My First NMO Symptoms Appeared Years Before My Diagnosis
It didn’t start as a windy day. The sun beaming down on my face felt oh so good.
Spending time on the water with my family was one of my favorite activities. At first, I thought Dad’s 28-foot boat purchase felt excessive, but when we piled our entire family onto it one day about 20 years ago, the boat quickly felt like a dingy.
For most of that sunny day, we cruised through Georgian Bay in Ontario, Canada. We’d anchor periodically to fish, then travel through the locks to visit small shoreline communities for ice cream and baked goods.
While Dad would let others drive his precious boat, I was the only one who had demonstrated enough skill and care to complete the most difficult tasks, such as pulling the boat into the slip. It was a privilege to be trusted with docking the boat, filled with passengers, in just the right way that would make him proud.
Boating requires confidence. There are no brakes to stop you, just the quick reaction to slam the gear into reverse. Should things go wrong, you need to stay calm and rely on your passengers to take orders.
As evening approached, it was time to head back to our home marina. Our slip was three in from the lake and faced another row of slips. This made the turn, with a single-engine motor propelling a large boat, already challenging. With the cover of darkness and a slight breeze toward the shore, mooring the boat was especially difficult, so Dad was behind the wheel.
I wore the shortest of shorts in the heat of the summer. I didn’t notice the temperature drop gradually. My favorite spot has always been the front of the boat. It has the best vantage point, and I love the wind in my hair. That day was no exception — I crossed my long legs into a pretzel for hours on end.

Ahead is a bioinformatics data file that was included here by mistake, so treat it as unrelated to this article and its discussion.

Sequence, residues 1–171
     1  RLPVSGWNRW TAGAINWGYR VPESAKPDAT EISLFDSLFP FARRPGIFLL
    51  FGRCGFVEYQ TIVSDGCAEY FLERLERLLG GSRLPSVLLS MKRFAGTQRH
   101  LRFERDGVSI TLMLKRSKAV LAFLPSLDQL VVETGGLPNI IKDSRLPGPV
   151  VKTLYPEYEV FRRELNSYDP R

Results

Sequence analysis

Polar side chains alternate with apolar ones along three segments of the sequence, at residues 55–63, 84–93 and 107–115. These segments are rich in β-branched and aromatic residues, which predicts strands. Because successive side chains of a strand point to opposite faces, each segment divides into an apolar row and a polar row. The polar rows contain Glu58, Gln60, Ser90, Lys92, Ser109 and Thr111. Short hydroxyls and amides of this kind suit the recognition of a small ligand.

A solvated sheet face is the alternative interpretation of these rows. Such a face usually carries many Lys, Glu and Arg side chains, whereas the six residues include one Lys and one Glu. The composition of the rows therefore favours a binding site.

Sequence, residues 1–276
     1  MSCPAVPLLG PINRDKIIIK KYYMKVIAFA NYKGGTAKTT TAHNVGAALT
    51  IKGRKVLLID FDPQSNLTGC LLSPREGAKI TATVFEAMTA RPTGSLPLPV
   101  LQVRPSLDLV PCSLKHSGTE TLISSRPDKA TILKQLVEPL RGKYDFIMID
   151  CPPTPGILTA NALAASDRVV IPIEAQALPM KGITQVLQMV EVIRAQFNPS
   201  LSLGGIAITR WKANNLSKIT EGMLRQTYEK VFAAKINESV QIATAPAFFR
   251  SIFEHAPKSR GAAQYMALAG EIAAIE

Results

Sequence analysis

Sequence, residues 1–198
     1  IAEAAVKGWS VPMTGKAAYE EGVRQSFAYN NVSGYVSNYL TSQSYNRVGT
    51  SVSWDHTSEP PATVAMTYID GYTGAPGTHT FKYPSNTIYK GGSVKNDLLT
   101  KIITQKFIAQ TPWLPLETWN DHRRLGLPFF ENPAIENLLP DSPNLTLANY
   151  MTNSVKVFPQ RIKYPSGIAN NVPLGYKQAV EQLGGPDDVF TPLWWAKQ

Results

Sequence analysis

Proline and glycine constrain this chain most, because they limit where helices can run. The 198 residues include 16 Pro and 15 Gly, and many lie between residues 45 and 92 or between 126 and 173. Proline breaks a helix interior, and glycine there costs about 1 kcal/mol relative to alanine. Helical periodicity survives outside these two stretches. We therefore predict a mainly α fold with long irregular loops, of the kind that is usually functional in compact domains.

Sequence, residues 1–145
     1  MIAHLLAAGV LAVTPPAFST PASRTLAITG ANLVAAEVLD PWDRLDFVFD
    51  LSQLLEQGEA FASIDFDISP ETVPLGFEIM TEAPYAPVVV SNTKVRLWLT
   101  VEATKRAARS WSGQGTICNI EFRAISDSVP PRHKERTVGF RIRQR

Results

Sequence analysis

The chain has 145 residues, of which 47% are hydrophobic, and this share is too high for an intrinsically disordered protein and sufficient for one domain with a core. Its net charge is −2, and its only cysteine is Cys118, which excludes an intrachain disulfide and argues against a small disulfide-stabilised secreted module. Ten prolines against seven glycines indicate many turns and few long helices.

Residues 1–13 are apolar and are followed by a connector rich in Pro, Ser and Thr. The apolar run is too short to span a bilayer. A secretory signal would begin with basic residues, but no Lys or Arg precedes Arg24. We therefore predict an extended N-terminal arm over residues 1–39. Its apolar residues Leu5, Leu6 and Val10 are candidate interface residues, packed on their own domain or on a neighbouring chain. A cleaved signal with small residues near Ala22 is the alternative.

As our marina came into view, I prepared to jump off the boat and onto the dock. This was a key role, managing the lines that would secure the boat in place. Seeing how comfortable I was at the front of the boat, my mother offered to do the job instead. I hesitated, but her confidence changed my mind.
As we approached the slip, the wind started to pick up, the bumpers of the other parked boats slamming into the sides of the dock. Just then, I watched my mother miss the dock. She jumped too soon, hit her head on the dock, and was now pinned between the dock and our boat. I leaped to help her, but found I couldn’t.
My legs wouldn’t react.
My father hollered at me to take the wheel, knowing that I could reverse the vessel out of the slip without damaging other boats, but again, I couldn’t move.
With my arms, I lifted each leg to uncross them. They fell to the deck like they were filled with lead.
I was helpless.
My family managed to push the boat away from the dock and my mother. Our slip neighbors pulled her out, then Dad docked the boat safely. As we all disembarked, I was still stuck at the front of the boat.
I know Dad was disappointed in me, but not more than I was in myself. I blamed it on the cold; my legs felt icy. Maybe I had sat in that position for too long. Perhaps the stress of the situation made me freeze. My sister brought me warm blankets, and eventually, the feeling returned to my legs.
Six years later, when I had my first transverse myelitis attack, it was my uncle who reminded me of this day. “Hey, Jen, do you think that time when your mother fell into the water and you couldn’t get up was the first sign of paralysis?”
His comment didn’t resolve my guilt about being unable to help my family when I was needed, but it did provide an explanation. An MRI scan confirmed that a lesion of this size likely took years to grow until the fateful day of my first major neuromyelitis optica attack.
Please comment below about when you believe you had your first NMO symptoms.
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